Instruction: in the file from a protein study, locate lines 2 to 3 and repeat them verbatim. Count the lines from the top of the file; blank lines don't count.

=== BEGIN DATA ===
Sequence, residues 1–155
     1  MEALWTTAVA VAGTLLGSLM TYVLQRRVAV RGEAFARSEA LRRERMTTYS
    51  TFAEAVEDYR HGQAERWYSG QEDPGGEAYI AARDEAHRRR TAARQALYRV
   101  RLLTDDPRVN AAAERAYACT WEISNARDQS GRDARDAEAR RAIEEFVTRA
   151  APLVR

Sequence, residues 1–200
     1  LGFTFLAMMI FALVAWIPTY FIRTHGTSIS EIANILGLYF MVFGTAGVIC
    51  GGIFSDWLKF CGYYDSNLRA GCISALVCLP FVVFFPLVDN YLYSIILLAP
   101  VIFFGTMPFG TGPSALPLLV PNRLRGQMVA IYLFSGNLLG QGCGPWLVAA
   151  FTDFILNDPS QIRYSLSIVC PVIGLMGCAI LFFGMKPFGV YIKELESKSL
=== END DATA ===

     1  MEALWTTAVA VAGTLLGSLM TYVLQRRVAV RGEAFARSEA LRRERMTTYS
    51  TFAEAVEDYR HGQAERWYSG QEDPGGEAYI AARDEAHRRR TAARQALYRV